Washington – Serious legal trouble as well signs regarding criminal investigation circulates around Illinois Rep. Aaron Schock after the FBI has started interviewing people close to him. Frank says if Aaron Schock is Gay, He Should be Exposed
The Federal Bureau of Investigation has begun interviewing people close to Illinois Rep. Aaron Schock, signs of a criminal investigation and serious legal trouble for the Republican congressman, according to sources familiar with the probe.
Schock, a 33-year-old Republican, announced he would resign at the end of the month after allegations of misspending campaign and political funds.
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A federal grand jury in Illinois has been hearing evidence related to this case and is scheduled to receive testimony from witnesses next month, according to sources familiar with the issue.
Up until this point, there had been no indication that the FBI or Justice Department had been involved in the scandal that led to Schock’s political implosion. The Office of Congressional Ethics had begun to look into the matter, but with his resignation, any congressional inquiry would end.
However, with federal investigators now stepping into the case, Schock’s status as a lawmaker would have no impact. A criminal probe could continue long after he left office.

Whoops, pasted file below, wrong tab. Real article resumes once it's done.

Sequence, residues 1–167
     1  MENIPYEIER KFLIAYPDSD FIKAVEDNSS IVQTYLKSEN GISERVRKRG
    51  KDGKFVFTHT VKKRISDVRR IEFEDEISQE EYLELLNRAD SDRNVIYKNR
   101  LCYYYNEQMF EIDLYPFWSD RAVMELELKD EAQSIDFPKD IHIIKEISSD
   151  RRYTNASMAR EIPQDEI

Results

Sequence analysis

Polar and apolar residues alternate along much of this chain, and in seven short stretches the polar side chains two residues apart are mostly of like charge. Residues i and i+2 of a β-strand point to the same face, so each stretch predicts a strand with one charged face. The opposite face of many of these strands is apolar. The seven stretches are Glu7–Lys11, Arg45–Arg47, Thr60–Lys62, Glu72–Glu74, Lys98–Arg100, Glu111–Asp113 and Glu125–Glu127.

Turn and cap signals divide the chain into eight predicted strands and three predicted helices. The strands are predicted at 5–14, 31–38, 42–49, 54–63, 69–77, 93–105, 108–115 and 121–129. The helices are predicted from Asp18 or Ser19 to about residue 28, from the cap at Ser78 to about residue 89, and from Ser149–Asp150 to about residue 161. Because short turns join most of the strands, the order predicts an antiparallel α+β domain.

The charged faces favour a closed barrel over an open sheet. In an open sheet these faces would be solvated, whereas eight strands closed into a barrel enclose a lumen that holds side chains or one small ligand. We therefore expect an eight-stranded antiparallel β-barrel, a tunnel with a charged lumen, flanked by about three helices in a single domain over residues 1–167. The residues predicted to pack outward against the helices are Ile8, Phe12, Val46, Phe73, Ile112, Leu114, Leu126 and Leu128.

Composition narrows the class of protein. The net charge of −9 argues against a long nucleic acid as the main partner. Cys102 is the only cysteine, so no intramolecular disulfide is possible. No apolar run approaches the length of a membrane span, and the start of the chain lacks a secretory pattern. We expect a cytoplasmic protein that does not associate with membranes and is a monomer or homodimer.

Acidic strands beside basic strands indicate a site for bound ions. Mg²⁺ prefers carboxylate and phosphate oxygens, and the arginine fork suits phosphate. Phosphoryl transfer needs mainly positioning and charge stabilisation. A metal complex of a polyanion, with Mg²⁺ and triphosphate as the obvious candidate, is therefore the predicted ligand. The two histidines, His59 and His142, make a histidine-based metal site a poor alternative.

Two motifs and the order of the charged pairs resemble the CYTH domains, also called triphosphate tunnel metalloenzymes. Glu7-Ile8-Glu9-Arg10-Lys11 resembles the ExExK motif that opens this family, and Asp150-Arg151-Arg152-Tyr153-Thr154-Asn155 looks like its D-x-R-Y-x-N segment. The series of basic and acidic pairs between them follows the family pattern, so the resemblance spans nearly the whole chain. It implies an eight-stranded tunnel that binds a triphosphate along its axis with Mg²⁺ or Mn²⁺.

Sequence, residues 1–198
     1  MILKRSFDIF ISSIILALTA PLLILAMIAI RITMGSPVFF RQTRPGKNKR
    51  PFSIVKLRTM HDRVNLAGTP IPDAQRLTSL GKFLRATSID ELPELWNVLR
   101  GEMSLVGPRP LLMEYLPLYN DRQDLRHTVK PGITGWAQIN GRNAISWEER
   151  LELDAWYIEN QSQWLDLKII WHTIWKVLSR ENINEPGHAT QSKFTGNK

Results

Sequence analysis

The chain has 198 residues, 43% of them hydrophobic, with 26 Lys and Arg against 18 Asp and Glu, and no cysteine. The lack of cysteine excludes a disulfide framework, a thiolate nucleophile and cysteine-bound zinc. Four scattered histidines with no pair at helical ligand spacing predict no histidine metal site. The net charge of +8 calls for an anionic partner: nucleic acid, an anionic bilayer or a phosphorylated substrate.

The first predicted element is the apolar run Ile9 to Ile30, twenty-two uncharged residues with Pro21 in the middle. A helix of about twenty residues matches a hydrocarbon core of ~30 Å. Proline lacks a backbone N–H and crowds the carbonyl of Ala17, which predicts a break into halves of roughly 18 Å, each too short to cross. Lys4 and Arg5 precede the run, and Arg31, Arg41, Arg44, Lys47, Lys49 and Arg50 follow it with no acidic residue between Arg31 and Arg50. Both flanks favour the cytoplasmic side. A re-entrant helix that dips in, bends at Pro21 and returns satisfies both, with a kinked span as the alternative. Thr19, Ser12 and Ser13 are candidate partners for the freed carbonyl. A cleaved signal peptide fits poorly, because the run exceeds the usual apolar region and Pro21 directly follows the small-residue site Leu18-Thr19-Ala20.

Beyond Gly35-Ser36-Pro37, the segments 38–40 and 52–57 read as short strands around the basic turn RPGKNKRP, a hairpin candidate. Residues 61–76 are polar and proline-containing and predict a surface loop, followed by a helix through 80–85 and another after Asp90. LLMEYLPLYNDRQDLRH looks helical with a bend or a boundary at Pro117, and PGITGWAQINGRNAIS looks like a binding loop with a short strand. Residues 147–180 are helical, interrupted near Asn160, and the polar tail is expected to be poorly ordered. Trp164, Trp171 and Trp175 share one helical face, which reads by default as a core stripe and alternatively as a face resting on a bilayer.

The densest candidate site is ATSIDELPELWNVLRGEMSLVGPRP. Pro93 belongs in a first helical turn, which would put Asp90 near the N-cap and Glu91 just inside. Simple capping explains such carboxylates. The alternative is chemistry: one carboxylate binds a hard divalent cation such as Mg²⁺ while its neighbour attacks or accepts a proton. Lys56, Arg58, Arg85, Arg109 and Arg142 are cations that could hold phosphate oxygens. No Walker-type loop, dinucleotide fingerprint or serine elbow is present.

The FBI and the federal prosecutors in Illinois are investigating whether Rep. Aaron Schock broke the law in accounting for campaign expenses, according to people familiar with the matter.
Schock in recent days announced plans to resign, citing controversy surrounding allegations that he improperly accounted for travel and other contributions from donors and reimbursements for campaign use of a personal car. But the probe managed by prosecutors in the U.S. Attorney’s office in Springfield, Ill., means his legal troubles are just beginning.
The federal investigation is focused on at least three questions, according to people familiar with the inquiry, including the mileage reimbursements, travel that was paid for by donors and in-kind contributions from donors that were not reported.
The FBI is delivering subpoenas in Washington and Illinois, according to two people familiar with the investigation.
Investigators from the U.S. Postal Inspection Service and IRS are pursuing various parts of the Schock investigation, according to law enforcement sources.